Today, I’m guest posting over at Chris Hill’s Construction Law Musings blog.
My article is on the importance of reporting a potential construction claim to your insurance carrier at the first sign of trouble. Remember, it’s the cover up that always gets you into trouble. Just ask the politicians. Or this kid.
(c) Photo from Maiscio
Today I have the pleasure of another guest post. Christopher G. Hill is lawyer and owner of the Richmond, VA firm, The Law Office of Christopher G. Hill, PC, a LEED AP. Chris has been nominated and elected by his peers to Virginia’s Legal Elite in the Construction Law category on multiple occasions. He specializes in mechanic’s liens, contract review and consulting, occupational safety issues (VOSH and OSHA), and risk management for construction professionals. Chris authors the Construction Law Musings blog where he discusses legal and policy issues relevant to construction professionals.
First of all, thanks to Melissa for the great opportunity to post here at her blog. She has been kind enough to post on two occasions (here and here) regarding the need for specificity and proper drafting in construction contracts.
Aside from the “back end” implications of a poorly drafted construction contract, there are other benefits to a well drafted set of construction documents. The overarching reason for a well drafted contract is the setting of expectations. Because the “contract is king” in most states, these initial expectations are key.
Without further ado, here are my thoughts on the proper setting of expectations.
1. Make sure that the scope of work is well outlined. Mere reference to “plans and specifications” is not enough. You need to have at least a date for each of these or else a specific list of items to be performed and the specific scope of those items.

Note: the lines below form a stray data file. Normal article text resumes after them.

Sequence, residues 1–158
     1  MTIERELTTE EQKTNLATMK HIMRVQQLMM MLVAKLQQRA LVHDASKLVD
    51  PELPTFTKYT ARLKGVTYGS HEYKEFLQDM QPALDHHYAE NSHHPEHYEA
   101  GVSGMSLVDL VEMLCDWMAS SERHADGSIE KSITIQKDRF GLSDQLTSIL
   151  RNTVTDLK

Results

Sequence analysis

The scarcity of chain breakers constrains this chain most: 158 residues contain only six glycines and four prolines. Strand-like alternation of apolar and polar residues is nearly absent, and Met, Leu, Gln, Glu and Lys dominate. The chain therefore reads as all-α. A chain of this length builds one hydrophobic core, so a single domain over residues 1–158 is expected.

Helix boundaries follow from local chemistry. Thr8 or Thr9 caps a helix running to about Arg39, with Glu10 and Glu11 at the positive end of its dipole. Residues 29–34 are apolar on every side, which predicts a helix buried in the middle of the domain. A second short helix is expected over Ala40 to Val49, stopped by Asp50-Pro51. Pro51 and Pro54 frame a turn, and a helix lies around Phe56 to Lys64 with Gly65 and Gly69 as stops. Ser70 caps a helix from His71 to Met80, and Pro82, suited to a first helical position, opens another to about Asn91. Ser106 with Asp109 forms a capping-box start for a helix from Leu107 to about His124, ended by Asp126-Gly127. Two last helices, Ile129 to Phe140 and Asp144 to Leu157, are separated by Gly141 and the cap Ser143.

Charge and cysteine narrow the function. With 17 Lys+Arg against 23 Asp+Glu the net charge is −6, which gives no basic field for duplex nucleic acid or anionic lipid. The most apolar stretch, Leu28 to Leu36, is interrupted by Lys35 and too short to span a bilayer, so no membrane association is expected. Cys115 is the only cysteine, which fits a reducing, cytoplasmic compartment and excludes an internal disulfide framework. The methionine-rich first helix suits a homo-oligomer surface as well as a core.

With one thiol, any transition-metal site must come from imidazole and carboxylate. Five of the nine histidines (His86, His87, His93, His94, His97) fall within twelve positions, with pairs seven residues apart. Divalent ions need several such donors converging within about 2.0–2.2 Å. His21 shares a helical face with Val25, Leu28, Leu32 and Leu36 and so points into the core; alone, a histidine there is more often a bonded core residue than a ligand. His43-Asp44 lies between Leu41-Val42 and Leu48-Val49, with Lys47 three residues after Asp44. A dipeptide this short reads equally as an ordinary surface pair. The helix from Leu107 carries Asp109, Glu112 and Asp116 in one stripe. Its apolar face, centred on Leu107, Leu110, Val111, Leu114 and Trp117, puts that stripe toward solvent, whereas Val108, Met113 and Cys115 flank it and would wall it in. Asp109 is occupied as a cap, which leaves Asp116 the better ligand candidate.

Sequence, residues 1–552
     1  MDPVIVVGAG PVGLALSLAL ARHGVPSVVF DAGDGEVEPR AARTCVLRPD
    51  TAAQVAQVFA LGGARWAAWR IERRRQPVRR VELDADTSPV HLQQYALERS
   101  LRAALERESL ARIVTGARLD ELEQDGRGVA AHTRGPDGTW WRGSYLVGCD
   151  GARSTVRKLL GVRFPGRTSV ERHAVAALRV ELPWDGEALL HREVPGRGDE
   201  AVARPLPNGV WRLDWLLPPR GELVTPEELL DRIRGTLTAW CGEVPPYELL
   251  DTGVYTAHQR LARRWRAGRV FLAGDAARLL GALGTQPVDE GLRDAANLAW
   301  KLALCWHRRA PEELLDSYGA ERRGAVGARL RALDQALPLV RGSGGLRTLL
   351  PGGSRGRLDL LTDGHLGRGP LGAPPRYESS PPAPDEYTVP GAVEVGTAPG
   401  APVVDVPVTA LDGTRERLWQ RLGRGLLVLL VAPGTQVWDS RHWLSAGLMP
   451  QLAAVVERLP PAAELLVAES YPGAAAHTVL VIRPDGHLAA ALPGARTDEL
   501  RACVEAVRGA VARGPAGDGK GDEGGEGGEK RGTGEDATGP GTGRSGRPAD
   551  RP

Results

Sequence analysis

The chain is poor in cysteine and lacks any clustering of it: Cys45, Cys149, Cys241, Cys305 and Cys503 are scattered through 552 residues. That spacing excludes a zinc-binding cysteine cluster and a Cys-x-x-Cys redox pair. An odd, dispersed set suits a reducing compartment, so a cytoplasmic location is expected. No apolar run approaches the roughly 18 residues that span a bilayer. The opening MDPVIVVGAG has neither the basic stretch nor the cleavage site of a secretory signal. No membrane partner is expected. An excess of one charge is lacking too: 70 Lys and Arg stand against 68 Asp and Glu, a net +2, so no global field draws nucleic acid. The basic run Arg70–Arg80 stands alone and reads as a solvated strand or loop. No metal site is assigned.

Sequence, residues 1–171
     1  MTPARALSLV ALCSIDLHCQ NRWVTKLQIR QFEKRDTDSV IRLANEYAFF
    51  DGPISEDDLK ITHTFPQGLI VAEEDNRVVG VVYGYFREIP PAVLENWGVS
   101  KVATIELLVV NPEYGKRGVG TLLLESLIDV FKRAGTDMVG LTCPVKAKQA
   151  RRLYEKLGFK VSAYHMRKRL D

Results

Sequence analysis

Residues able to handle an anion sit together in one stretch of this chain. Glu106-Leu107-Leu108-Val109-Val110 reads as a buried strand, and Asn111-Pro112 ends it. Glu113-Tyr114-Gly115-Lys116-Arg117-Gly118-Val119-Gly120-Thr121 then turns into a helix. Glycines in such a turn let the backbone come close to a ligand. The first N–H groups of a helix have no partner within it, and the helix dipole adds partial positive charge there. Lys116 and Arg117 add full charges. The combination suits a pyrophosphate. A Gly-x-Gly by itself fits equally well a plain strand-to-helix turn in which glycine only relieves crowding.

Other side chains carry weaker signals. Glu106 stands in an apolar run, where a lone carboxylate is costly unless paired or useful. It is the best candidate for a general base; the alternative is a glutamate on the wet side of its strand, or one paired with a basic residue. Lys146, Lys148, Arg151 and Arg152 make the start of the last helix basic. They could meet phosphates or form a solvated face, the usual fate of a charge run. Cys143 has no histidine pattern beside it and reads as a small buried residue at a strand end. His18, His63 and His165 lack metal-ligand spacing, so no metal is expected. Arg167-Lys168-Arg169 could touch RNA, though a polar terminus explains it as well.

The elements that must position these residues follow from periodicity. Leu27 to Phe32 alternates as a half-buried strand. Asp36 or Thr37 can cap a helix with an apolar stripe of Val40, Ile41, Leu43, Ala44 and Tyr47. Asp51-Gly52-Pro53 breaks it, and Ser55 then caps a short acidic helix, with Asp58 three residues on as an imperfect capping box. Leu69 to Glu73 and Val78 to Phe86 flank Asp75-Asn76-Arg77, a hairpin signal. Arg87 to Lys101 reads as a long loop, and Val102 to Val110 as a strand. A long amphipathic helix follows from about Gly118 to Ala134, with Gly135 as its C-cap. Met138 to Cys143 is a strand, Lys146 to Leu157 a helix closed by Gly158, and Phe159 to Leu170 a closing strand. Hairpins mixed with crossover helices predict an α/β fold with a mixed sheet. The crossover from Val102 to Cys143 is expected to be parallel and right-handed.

2. Be sure that your dispute resolution procedures are well outlined. This needs to be very specific and set forth any claims process. While I am not a huge fan of mandatory arbitration, this is one area where you can tailor the dispute resolution to your needs.
3. Make sure that the change order process is well defined and followed. I cannot count the number of disputes that I have been involved in that come down to this process.
4. While it sounds simple, define what “finished” means. Does it mean acceptance by the architect? The Owner? The General Contractor? What does “acceptance” mean? All of these seem easy to think of answers to until the project is “finished” in your mind and not finished in the owner/general contractors mind.
5. Attorney Fees, Attorney Fees, Attorney Fees! Without this provision (or a statute that allows for the recovery of these fees) most states’ courts will not allow you to recover the fees expended in resolving a contract dispute.
6. Most importantly, read the contract and all of those pesky documents that are referred to by that contract. Without a thorough understanding of the provisions of these other documents, you cannot know your expectations entering into a construction project.